By Andrew Klein
Making Shareholder Liable to the value of their Share Holding – an easy guide to encourage ethical investment.
Much has been written and said about the damage done to this Planet by Corporations that act solely to create profit for shareholders. The ugly reality is that those in charge of Corporations have a duty to ensure that shareholder profits are maximised at whatever they can get away with and shareholders are limited in their liability. Many a keen legal mind has made a personal fortune to ensure that this status quo remains as if these ideas were cast in stone or possibly represented the latest directions of the Almighty.
This all perversely goes back to the hay day of production and manufacturing in the United States, where the Ford Company sought to give some benefits to its employees.
The result is briefly and well summed up in Wikipedia;-
“Dodge v. Ford Motor Company, 170 NW 668 (Mich 1919) is a case in which the Michigan Supreme Court held that Henry Ford had to operate the Ford Motor Company in the interests of its shareholders, rather than in a charitable manner for the benefit of his employees or customers. It is often cited as affirming the principle of “shareholder primacy” in corporate America. At the same time, the case affirmed the business judgment rule, leaving Ford an extremely wide latitude about how to run the company.
More recent cases such as AP Smith Manufacturing Co v. Barlow or Shlensky v. Wrigley suggest that the business judgment is very expansive, i.e., that management decisions will not be challenged under almost any circumstances where one can point to any rational link to shareholder benefits.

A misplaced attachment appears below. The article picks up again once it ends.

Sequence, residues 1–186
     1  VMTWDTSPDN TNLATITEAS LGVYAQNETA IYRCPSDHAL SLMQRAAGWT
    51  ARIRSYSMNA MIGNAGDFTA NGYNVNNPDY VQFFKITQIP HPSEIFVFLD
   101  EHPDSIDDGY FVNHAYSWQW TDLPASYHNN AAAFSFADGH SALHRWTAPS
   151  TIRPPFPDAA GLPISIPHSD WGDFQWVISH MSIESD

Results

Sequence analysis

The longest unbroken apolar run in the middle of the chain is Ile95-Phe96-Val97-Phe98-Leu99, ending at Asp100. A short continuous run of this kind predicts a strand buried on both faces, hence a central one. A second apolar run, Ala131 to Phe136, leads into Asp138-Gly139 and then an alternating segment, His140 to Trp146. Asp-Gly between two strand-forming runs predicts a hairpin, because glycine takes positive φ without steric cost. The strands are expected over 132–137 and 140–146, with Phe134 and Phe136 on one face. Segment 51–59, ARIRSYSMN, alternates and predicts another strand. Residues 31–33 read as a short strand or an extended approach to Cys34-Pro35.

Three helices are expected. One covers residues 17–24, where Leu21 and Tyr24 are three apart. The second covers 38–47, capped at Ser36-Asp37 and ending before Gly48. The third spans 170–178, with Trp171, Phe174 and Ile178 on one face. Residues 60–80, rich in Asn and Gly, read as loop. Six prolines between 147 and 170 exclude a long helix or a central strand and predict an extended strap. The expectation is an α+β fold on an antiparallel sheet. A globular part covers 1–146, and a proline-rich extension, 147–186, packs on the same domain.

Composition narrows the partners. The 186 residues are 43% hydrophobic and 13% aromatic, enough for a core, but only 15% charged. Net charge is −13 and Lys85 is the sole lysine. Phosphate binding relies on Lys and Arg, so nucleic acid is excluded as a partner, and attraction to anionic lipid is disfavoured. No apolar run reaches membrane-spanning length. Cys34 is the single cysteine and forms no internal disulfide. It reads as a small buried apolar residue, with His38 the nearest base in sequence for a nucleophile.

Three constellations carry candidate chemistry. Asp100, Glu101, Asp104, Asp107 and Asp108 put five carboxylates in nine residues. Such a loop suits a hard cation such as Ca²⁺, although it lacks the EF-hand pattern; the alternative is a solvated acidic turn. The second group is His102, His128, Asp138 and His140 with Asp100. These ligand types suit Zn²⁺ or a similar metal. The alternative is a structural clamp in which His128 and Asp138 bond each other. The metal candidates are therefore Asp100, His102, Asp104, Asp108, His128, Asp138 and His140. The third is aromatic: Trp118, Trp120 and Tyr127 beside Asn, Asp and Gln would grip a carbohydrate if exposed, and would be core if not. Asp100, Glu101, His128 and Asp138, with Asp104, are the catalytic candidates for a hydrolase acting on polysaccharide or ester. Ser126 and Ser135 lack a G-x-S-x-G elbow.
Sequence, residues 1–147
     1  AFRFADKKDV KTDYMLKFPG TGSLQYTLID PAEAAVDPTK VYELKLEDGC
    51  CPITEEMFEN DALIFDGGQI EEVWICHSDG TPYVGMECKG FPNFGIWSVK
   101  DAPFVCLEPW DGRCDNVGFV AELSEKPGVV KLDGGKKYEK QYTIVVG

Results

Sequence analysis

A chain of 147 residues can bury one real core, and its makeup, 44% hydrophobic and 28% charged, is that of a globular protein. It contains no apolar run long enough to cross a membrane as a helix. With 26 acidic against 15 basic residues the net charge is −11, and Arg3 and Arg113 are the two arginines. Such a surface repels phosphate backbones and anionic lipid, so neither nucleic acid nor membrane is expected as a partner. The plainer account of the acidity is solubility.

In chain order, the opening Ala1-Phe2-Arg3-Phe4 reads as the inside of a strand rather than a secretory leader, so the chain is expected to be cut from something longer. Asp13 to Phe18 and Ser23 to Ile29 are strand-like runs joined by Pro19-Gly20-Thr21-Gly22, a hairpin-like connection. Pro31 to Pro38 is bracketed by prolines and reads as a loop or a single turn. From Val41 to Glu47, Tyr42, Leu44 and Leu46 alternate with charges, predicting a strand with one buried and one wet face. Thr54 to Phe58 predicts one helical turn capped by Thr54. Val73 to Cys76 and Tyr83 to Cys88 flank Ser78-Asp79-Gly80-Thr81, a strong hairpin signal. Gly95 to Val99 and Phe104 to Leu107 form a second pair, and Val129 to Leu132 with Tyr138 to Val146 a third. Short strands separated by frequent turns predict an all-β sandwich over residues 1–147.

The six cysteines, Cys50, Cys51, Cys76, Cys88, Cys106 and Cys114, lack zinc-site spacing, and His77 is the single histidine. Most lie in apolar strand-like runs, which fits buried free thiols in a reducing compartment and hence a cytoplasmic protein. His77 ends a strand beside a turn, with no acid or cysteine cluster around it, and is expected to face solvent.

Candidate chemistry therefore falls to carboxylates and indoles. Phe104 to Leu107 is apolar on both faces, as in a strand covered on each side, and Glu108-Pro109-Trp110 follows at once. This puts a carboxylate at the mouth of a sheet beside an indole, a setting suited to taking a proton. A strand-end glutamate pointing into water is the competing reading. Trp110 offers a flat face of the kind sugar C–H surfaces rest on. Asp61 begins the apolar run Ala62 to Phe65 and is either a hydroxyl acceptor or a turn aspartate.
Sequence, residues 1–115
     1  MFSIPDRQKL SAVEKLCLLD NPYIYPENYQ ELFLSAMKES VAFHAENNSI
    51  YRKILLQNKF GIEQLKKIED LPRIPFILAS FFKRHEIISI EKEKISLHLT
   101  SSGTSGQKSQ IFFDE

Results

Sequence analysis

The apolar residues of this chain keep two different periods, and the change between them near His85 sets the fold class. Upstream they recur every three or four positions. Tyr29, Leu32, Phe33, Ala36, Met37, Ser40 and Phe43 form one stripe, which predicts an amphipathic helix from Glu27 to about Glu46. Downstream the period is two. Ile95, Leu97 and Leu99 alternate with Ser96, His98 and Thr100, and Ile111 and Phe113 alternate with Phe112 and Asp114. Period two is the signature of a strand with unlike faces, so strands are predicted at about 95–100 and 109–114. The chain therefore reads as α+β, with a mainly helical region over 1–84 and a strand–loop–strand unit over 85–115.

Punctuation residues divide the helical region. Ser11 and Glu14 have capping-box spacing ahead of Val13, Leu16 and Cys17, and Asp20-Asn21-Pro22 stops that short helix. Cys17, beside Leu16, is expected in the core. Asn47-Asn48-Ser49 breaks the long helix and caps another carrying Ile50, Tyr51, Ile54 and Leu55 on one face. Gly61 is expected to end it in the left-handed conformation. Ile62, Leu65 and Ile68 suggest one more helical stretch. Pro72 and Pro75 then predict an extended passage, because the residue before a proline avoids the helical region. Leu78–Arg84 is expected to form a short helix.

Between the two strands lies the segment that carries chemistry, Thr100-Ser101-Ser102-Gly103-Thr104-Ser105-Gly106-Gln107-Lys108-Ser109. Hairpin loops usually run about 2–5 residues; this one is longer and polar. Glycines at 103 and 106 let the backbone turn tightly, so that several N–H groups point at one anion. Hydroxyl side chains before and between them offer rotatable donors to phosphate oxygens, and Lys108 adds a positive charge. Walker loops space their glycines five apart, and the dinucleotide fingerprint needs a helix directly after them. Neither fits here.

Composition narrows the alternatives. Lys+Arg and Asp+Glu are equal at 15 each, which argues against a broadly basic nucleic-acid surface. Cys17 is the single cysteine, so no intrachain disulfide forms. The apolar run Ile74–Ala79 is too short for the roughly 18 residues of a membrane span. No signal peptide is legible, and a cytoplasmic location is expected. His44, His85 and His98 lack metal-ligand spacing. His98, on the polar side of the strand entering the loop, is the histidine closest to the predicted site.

By 1916, the Ford Motor Company had accumulated a capital surplus of $60 million. The price of the Model T, Ford’s mainstay product, had been successively cut over the years while the cost of the workers had dramatically, and quite publicly, increased. The company’s president and majority stockholder, Henry Ford, sought to end special dividends for shareholders in favour of massive investments in new plants that would enable Ford to dramatically increase production, and the number of people employed at his plants, while continuing to cut the costs and prices of his cars. In public defence of this strategy, Ford declared, “My ambition is to employ still more men, to spread the benefits of this industrial system to the greatest possible number, to help them build up their lives and their homes. To do this we are putting the greatest share of our profits back in the business.”
This vision that Ford had to benefit both his company and its employees makes good business sense and has a touch of the humanitarian about it. Common sense approach that would have probably kept many people happy. The damage done to our world occurred just when Shareholder Benefits are impacted. The Michigan Supreme Court held that Henry Ford could not lower consumer prices and raise employee salaries. “A business corporation is organized and carried on primarily for the profit of the stockholders. The powers of the directors are to be employed for that end. The discretion of directors is to be exercised in the choice of means to attain that end, and does not extend to a change, in the end, itself, to the reduction of profits, or to the non-distribution of profits among stockholders in order to devote them to other purposes…”